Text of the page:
FDA Narrows In on Teen Tanning

Tanning bed age restrictions, other safety measures proposed by FDA

/ Author:  / Reviewed by: Jennifer Gershman, PharmD, CPh

(RxWiki News) If the US Food and Drug Administration (FDA) has its way, teens nationwide will be banned from using tanning beds.

On Friday, the FDA announced some newly proposed rules to restrict the use of tanning beds and related products among minors. Indoor tanning known to significantly increase the risk of skin cancer, including melanoma — its most deadly form.

The proposed rule would restrict the use of all indoor tanning products, including tanning beds, to people age 18 and older.

"Today’s action is intended to help protect young people from a known and preventable cause of skin cancer and other harms," said FDA Commissioner Stephen Ostroff, MD, in a press release. "Individuals under 18 years are at greatest risk of the adverse health consequences of indoor tanning."

The new restrictions are also intended to reduce the risks of indoor tanning among adults. Under the proposed rule, adults age 18 and older would be required to sign a "risk acknowledgement" form before their first tanning session and every six months thereafter, stating that they have been informed of the potential health risks of indoor tanning.

According to the American Academy of Dermatology, people who have been exposed to ultraviolet (UV) radiation from indoor tanning are nearly 60 percent more likely to develop melanoma than those who have never tanned indoors. The effects of UV exposure also add up over a person's lifetime. That means exposure in adolescence can put teens at a greater risk for skin and eye damage later in life.

The FDA also proposed a rule that would require manufacturers of indoor tanning products to implement more safety restrictions. The proposed changes include making warnings easier to read on the devices, requiring emergency shut-off switches and adding restrictions to the amount of light allowed through protective eyewear used during tanning.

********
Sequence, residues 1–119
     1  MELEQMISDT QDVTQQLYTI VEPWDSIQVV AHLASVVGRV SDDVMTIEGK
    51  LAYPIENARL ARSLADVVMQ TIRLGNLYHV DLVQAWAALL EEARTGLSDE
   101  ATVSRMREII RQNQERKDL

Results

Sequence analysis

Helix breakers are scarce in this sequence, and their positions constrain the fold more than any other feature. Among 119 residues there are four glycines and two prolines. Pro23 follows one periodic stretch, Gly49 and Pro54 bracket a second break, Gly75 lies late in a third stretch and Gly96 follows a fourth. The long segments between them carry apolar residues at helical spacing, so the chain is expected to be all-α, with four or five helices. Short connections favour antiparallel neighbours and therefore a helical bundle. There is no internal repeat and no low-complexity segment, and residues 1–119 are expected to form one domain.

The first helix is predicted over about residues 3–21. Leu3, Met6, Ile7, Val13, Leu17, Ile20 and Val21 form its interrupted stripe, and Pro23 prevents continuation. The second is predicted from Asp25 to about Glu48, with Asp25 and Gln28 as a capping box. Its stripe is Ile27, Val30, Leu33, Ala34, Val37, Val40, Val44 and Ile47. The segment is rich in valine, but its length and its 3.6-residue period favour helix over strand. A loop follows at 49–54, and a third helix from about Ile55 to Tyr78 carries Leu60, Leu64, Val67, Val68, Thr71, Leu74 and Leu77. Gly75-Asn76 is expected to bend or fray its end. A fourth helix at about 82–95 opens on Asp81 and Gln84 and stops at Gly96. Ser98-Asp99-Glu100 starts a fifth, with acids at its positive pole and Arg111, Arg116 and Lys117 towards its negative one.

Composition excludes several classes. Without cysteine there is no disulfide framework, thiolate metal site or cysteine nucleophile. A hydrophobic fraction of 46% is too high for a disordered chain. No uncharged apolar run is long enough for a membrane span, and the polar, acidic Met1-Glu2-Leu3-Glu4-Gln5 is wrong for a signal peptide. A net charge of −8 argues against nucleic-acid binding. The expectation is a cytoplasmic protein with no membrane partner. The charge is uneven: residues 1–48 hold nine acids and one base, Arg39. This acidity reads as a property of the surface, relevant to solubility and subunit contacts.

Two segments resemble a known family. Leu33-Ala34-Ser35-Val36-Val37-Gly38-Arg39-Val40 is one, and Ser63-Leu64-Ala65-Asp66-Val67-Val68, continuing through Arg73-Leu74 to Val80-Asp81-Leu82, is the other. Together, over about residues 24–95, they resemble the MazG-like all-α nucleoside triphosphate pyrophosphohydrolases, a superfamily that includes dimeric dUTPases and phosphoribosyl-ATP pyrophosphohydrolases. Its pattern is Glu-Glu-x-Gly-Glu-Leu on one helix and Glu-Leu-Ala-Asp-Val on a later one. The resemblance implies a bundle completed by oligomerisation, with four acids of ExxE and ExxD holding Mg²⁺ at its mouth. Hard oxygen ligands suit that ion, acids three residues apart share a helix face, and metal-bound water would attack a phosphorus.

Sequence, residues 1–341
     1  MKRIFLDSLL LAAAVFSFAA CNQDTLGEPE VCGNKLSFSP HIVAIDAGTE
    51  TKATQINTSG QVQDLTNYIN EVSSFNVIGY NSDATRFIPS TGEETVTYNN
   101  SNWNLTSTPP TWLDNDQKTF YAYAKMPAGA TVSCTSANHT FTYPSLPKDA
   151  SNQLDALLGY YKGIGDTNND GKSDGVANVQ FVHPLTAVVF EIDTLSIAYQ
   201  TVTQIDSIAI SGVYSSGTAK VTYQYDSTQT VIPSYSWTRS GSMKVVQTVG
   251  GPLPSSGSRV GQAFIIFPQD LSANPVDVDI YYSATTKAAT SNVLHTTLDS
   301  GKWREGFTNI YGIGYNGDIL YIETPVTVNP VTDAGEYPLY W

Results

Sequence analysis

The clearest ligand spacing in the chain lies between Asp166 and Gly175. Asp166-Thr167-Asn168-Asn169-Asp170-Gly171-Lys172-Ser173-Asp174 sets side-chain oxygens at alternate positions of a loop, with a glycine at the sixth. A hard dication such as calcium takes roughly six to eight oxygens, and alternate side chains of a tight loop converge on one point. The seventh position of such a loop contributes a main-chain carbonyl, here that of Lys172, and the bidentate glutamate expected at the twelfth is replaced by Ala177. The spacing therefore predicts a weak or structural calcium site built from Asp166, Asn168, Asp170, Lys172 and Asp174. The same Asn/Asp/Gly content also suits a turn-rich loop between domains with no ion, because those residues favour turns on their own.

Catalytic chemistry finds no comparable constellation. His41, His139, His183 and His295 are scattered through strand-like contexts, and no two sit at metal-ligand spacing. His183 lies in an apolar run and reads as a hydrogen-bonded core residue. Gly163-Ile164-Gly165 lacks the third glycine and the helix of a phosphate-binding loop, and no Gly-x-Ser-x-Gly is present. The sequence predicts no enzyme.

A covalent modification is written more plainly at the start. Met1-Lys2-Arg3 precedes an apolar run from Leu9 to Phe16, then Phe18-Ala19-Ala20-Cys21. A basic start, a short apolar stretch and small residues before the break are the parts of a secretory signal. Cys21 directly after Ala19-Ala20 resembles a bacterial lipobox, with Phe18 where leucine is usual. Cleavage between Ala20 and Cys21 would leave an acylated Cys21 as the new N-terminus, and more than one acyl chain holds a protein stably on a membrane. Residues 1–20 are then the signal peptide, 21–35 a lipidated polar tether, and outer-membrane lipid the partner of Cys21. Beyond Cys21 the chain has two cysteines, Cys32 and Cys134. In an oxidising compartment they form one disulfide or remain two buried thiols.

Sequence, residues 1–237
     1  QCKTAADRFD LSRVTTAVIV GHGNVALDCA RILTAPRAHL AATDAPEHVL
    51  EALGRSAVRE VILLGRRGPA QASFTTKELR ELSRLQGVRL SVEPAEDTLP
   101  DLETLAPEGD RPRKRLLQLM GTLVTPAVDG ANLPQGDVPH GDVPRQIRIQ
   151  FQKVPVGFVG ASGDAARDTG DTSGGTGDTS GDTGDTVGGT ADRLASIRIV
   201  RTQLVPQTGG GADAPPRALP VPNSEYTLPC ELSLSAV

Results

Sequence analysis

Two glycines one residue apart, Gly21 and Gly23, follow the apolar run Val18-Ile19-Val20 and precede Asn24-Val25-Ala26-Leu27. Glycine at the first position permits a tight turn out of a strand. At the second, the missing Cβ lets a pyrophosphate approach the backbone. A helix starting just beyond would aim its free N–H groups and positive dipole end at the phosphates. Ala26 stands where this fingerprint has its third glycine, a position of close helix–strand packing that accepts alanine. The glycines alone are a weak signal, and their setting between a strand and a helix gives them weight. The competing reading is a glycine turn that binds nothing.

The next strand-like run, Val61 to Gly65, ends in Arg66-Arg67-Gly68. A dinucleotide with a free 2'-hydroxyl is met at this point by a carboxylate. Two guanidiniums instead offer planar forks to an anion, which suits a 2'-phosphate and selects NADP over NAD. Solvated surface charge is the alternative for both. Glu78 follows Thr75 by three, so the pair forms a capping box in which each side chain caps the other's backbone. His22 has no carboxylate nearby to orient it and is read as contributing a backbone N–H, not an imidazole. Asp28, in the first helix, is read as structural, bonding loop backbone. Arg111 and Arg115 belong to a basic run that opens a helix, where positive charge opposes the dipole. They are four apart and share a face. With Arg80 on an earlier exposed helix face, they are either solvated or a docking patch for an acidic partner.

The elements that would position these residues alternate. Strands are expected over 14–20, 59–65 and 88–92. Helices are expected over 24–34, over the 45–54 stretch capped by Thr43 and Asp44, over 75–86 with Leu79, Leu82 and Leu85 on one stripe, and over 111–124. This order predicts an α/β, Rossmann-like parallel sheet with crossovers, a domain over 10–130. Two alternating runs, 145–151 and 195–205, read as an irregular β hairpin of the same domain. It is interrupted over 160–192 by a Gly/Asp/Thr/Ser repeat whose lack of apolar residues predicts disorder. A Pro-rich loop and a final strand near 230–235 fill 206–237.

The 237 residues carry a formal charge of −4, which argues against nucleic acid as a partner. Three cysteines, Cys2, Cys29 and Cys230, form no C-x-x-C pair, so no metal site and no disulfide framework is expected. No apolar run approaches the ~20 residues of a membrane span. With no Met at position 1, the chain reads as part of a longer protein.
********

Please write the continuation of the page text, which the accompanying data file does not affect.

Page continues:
According to the Centers for Disease Control and Prevention, an estimated 3,000 visits to the ER for injuries related to indoor tanning occur each year in the US.

Dr. Ostroff said that, while the FDA understands that some adults may still decide to continue to tan indoors, the proposed rules are meant to help adults make informed decisions and to ensure that manufacturers and tanning facilities make indoor tanning as safe as possible.

The American Academy of Pediatrics (AAP) is one of many organizations to applaud the FDA for its action on Friday, noting that "there is no safe level of tanning bed use for young people, [and] children will be safer and healthier for it."

"The FDA’s action today is part of ensuring a safe environment for every child and adolescent, and sends a loud and clear message: tanning beds are dangerous and should not be used by anyone under age 18," said AAP President Sandra G. Hassink, MD, in a press release. "Pediatricians welcome the FDA’s action and will continue to urge parents and our young patients to protect their skin from ultraviolet radiation and to avoid tanning beds altogether."

There are currently about 35,000 indoor tanning salons and other facilities like spas that offer indoor tanning in the US, the FDA reports.

Review Date: 
December 18, 2015
Last Updated:
December 18, 2015